'Let's rock 'n' roll! ', the policewoman yelled to the crowd. Not a phrase you expect to hear from a policewoman but this one was in Mobile, Alabama, and getting people fired up for a Mardi Gras parade. The cops, some wearing beads or flowers, were roaring their bikes up and down, making sure the streets were clear, the vendors and their carts were out of the way, and the crowds all safely behind barriers.
Every city has its emblem, which expresses something about the city itself. New York has the Statue of Liberty (the land of the free), and for London it's Big Ben (history). Paris has the Eiffel Tower (style) while Brussels... Brussels has a tiny statue of a little boy having a wee. The Belgians have always had a quirky sense of humour. Think TinTin, think Magritte. And it is hard to imagine any other country taking to its heart a two-foot tall statue of a urinating boy.
Most times a train station is just somewhere you pass through, without glancing at much more than the departure boards. Not the Liège-Guillemins railway station in Belgium, though, which has become a tourist attraction in its own right. Its futuristic design stops people in their tracks, so to speak, and if you miss your train or your train is delayed, you have a work of art to explore. In fact if your train is late there's also an art gallery built into the station's design.
Muck Rack makes it simple to find people, tweets, or articles that mention any name, keyword, company, hashtag etc. We've compiled this guide to help you make the most of your search.
Selecting a term
Start searching tweets, articles from media outlets, articles mentioned in tweets, journalists'
names, titles and bios with some suggested searches:
Companies or Topics (e.g. iPhone, Microsoft)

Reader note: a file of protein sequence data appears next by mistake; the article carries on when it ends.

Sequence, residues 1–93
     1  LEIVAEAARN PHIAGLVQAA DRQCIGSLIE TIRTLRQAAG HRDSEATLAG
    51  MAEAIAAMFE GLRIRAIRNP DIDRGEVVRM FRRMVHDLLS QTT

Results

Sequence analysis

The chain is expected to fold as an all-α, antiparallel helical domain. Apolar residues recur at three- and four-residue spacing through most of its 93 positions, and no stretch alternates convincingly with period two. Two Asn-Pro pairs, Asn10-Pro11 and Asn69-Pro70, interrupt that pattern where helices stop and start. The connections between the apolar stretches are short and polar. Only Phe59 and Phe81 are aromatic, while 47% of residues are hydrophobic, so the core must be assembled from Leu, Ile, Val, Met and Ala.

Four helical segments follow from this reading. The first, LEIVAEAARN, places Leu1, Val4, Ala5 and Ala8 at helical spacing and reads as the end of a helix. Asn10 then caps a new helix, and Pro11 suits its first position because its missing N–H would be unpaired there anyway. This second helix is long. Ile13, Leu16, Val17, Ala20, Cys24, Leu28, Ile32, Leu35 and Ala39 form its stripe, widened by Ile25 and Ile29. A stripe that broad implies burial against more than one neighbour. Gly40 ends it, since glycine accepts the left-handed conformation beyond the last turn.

Phrases (e.g. "cloud computing") — use quotes to keep the terms together
Twitter handles (e.g. @username) — returns those who have mentioned or replied to
Names (e.g. "David Pogue")
Hashtags (e.g. #sxsw, #london2012)
Bio details (e.g. vegan, Olympics, father)
Muck Rack's Advanced Search allows for many boolean operators.
Find results that mention multiple specified terms, use AND or
+. For example, ensure each result contains both Elon Musk and Mark Zuckerberg by
searching Musk AND Zuckerberg or Musk + Zuckerberg.
Use the operators OR or , to broaden your search when you'd like either of
multiple terms to appear in results. (This is the default behavior of our search when no operators
are used). For example, results will contain either cake or cookie by searching cake OR cookie or cake,cookie
Use NOT or - to subtract results from your search. For
example, searching Disney will yield results about the Walt Disney Company as well as Walt Disney
World Resort. To exclude mentions of Disney World, search for Disney -World or Disney
When using one of these operators with a phrase, enclose it in quotation marks. For example, you can
find results about smartphones excluding Apple's iPhone 4S by searching smartphone -"iPhone
Exact case matching or punctuation
If you're searching for a brand name or keyword that relies on specific punctuation marks or capitalization, you can
find results that match your exact query by adding matchcase: before the keyword you're searching for, like matchcase:E*TRADE .
Use parentheses to separate multiple
boolean phrases. For example, to find journalists talking about having fun in Disney World or
Disneyland, search for ("disney world" OR disneyland) AND fun.
An asterisk can be used to search for any variation of a root word truncated by the asterisk. For example, searching for admin* will return results for administrator, administration, administer, administered, etc.
A near operator is an AND operator where you can control the distance between the words. You can vary the distance the near operation uses by adding a forward slash and number (between 0-99) such as strawberries NEAR/10 "whipped cream", which means the strawberries must exist within 10 words of "whipped cream".